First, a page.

The purpose of this paper is to show how accounting technology transfers from the centre of the British Empire contributed to the early professionalisation of accounting and auditing practices in a New Zealand public utility company – the Auckland Gas Company – while it was operating in a colonial, pioneer, settler society.
An explanatory historical narrative links the company's inward transfers of accounting technology to the developing professionalisation of its accounting practices. Different analytical frameworks are used to combine the two components of the narrative: those of Jeremy for technology transfers, and Carnegie and Edwards for stages in the professionalisation process. The narrative is informed by archival research on the annual reports and financial statements of the company, and the minutes of its directors' meetings.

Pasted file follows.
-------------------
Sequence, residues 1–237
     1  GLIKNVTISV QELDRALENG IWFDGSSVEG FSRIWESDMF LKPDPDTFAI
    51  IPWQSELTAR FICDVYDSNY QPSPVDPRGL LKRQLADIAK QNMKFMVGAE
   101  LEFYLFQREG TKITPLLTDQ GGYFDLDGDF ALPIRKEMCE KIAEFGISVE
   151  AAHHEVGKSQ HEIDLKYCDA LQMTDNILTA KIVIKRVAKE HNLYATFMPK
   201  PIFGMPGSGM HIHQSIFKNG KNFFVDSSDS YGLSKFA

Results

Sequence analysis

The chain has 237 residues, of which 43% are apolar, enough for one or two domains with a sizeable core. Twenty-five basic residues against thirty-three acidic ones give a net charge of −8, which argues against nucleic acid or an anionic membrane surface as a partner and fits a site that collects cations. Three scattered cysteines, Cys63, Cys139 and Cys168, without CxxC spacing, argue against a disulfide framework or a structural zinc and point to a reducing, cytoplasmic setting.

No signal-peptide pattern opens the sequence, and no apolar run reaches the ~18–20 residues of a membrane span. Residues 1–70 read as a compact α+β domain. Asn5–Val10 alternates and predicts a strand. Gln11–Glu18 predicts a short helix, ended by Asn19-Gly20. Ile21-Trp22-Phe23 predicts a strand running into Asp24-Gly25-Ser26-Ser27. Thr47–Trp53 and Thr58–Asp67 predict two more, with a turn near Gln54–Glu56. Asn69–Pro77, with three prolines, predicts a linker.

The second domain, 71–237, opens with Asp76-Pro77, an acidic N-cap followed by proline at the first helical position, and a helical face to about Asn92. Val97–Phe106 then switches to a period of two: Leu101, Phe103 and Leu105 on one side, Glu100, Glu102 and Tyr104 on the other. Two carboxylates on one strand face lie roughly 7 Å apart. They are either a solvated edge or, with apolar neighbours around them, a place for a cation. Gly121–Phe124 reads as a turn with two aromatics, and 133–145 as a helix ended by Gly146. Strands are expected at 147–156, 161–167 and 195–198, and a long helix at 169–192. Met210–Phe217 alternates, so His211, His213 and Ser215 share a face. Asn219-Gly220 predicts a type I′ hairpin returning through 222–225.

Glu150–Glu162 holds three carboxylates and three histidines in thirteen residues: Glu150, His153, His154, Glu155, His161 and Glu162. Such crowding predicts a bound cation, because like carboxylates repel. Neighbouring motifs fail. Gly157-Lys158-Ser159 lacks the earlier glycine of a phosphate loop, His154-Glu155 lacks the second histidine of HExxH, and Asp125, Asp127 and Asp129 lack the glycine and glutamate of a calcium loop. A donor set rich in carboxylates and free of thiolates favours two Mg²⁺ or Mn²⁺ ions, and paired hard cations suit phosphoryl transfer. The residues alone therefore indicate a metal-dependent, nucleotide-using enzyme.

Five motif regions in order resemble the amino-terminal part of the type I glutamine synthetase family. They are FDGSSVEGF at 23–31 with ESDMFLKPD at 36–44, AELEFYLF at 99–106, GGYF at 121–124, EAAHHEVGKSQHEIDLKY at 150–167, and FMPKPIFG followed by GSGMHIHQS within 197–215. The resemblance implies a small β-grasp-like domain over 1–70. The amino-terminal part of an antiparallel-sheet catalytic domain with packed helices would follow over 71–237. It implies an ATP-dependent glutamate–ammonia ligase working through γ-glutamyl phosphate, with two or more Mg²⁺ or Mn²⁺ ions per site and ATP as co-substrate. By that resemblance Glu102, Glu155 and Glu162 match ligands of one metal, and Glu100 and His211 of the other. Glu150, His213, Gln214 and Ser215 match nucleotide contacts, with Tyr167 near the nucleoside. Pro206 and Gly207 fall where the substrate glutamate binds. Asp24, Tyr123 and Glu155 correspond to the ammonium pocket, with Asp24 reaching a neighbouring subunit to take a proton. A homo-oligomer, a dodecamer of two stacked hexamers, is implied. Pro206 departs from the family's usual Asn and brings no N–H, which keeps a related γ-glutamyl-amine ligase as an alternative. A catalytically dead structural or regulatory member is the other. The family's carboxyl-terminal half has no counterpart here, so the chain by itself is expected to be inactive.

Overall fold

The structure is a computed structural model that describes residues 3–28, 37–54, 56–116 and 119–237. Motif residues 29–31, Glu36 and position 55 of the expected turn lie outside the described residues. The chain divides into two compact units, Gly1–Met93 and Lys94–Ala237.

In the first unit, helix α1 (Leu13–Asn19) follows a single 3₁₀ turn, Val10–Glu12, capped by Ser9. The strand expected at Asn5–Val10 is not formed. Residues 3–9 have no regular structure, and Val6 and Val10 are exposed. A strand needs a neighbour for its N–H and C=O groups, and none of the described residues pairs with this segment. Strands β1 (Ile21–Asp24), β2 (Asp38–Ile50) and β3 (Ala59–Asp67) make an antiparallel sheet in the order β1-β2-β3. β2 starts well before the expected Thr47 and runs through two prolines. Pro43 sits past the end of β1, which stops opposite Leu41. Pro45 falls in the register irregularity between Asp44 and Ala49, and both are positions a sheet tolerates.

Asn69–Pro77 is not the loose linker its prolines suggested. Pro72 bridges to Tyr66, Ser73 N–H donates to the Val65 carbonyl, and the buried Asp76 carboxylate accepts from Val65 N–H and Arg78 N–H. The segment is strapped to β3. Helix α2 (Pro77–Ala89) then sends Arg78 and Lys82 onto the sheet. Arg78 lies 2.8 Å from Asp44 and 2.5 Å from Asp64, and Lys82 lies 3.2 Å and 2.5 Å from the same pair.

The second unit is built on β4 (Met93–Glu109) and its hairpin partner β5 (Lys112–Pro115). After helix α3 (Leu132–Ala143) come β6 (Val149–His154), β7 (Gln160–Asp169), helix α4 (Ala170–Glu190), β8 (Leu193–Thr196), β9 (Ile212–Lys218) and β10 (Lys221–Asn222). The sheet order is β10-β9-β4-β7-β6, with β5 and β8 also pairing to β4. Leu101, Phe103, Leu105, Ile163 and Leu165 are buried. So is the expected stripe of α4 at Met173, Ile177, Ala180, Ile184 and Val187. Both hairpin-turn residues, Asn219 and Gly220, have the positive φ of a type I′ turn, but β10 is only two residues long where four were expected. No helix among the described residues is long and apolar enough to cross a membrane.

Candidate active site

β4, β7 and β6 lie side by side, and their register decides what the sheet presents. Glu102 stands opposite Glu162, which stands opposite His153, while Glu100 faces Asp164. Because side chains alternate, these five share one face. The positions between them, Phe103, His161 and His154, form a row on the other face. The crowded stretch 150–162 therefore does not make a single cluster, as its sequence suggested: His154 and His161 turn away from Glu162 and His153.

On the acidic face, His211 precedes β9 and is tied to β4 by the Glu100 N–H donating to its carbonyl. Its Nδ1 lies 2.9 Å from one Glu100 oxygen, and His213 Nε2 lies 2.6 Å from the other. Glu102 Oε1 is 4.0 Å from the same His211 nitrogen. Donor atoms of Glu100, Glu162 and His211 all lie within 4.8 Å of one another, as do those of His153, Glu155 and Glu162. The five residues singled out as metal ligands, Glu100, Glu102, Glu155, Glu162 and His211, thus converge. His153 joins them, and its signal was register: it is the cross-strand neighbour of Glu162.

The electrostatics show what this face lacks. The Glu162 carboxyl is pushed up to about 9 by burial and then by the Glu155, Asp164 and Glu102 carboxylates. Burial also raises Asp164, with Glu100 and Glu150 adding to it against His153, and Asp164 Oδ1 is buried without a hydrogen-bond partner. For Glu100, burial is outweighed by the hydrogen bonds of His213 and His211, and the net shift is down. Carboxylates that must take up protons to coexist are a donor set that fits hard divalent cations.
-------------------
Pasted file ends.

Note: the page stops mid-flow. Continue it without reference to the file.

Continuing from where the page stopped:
Accounting technology transfers are identified in the company's adoption of British accounting regulations, its appointment of skilled immigrants, and their adoption of contemporary English gas companies' accounting practices. Proto‐professional accounting, i.e. the earliest stage of accounting professionalisation as the practice changes from non‐professional to professional, is evidenced in the change in accountants' and auditors' work from unpaid to paid, and in their exercise of more specialised skills. Effects of technology transfer on the professionalisation of the company's accounting practices are traced through changes in its accounting methods, internal control systems, external reporting forms, and the auditing of its accounts.
The paper's focus on technology transfer in proto‐professional accounting in a New Zealand setting is an original contribution to the literature on accounting technology transfers between different countries in different periods.
Keenan, M. (2013), "Technology transfer in proto‐professional accounting: The Auckland Gas Company, 1862‐1892", Pacific Accounting Review, Vol. 25 No. 1, pp. 80-100. https://doi.org/10.1108/01140581311318977Download as .RIS
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